At one Cabinet agency, for example, a manager allegedly asked an employee how much she had contributed to the Republican Party. The employee told the manager he wasn't allowed to ask that, but feared she would suffer the consequences. She looked for another job. The question would be a prohibited practice under the federal law that protects civil servants from management decisions based on party affiliation. But hiring a lawyer, sitting in career limbo and playing he-said-shesaid games was an unappealing plan for the employee.
Alternatives are available to federal employees who think their bosses have broken laws or have been unethical. Bargaining unit employees can ask union representatives for help filing a grievance. Employees, both union and nonunion, can seek out the Office of Special Counsel for whistleblower protection, the Merit Systems Protection Board for appeals of disciplinary actions, the Equal Employment Opportunity Commission for discrimination protection, or the Labor Department for protection of veterans' rights. Most agencies have an internal process before going to the appeals agencies.
But most appeal processes are complex and heavily legalistic, built on various statutes, numerous regulations and years of case law. The processes are slow, sometimes taking months or years. Many employees would rather move on than face an uncertain outcome. It's a sad fact of life in the civil service that even with so many appeal outlets, a majority of employees don't feel protected from injustice. In a federal human capital survey conducted by the Office of Personnel Management in 2002, just 45 percent said arbitrary action, favoritism and coercion for political purposes are not tolerated; only 44 percent agreed that complaints, disputes or grievances were resolved fairly in their work units.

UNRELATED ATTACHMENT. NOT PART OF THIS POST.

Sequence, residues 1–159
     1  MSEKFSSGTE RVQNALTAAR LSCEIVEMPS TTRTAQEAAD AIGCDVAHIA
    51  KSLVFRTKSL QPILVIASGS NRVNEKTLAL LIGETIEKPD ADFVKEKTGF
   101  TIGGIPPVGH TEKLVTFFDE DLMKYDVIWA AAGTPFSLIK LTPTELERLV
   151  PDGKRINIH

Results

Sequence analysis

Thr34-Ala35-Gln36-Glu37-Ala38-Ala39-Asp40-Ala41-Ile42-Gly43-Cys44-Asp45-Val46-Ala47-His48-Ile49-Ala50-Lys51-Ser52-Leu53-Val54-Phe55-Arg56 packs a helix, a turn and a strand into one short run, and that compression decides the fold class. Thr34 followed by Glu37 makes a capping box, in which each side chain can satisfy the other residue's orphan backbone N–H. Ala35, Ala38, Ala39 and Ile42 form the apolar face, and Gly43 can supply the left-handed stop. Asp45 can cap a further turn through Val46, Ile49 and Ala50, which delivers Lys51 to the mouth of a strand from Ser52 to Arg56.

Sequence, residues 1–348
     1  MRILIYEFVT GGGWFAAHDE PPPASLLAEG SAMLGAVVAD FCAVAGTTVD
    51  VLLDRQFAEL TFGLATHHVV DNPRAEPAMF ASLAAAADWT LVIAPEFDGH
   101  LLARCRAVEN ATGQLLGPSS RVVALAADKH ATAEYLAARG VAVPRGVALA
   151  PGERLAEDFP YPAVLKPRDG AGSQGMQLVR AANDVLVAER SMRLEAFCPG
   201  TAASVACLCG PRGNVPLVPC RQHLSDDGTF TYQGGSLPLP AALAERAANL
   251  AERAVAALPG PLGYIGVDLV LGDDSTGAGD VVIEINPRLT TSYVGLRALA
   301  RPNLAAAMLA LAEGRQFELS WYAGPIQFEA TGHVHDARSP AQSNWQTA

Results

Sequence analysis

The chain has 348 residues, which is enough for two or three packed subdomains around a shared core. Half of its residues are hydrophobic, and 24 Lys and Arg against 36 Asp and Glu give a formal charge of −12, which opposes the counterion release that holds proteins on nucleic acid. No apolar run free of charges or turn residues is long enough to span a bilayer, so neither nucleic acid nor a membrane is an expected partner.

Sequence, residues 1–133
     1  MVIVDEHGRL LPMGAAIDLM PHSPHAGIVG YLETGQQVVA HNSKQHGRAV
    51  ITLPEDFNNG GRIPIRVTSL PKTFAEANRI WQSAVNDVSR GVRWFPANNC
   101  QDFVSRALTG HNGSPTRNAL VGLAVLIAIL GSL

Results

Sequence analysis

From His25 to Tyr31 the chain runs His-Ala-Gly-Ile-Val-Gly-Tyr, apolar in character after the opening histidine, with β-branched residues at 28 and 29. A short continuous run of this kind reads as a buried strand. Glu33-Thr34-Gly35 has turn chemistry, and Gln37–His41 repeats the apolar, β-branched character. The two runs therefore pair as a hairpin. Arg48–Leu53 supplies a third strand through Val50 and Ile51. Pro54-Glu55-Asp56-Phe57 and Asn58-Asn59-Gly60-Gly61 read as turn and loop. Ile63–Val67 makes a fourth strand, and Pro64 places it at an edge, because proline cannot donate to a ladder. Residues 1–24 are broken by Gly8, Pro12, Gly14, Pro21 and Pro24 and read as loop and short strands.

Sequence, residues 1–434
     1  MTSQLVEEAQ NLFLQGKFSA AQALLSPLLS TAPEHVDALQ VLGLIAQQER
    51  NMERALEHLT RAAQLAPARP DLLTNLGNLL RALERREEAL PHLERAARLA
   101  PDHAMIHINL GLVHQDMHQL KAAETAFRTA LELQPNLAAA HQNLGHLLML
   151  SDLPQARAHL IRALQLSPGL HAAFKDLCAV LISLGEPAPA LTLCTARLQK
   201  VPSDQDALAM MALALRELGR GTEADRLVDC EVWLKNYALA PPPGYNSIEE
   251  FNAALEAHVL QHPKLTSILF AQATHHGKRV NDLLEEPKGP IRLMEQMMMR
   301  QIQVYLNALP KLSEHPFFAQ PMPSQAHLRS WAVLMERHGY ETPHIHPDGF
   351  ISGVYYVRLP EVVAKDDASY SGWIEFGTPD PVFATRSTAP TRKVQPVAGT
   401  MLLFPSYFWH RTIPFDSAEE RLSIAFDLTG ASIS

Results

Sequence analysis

The Bush administration is pushing for even fewer checks and balances on managers' actions. Both the Homeland Security and the Defense departments are moving to personnel systems that give more deference to agency leadership, and the White House would like to see other agencies follow suit. Opponents say such changes would only contribute to more injustice and distrust in the bureaucracy. Proponents say workers would be protected, even with streamlined appeals processes.
Interestingly, the OPM survey found that employees in the handful of offices that already had streamlined appeals were slightly more likely to say arbitrary action by managers was dealt with properly. That still leaves about half the workforce feeling that bad behavior is tolerated. Perhaps some of that distrust is human nature. In the survey, the further down the chain of command employees were, the more likely they were to distrust their leaders. It is a natural tendency for people who are more removed from decision-makers to be more skeptical. There's also a dose of reality in the distrust. A single case of political intimidation that makes it into the grapevine can cause thousands of employees to watch their backs.
Given the power of such anecdotes, part of the answer to building faith in the meritocracy rests with leaders at the agencies bestowed with more authority to fire and hire. If they hear of a supervisor improperly using political or other nonmerit-based reasons to decide a worker's fate, they should fire that manager and publicize it. The only way employees will believe that injustice will not be accepted is to deal with it forcefully.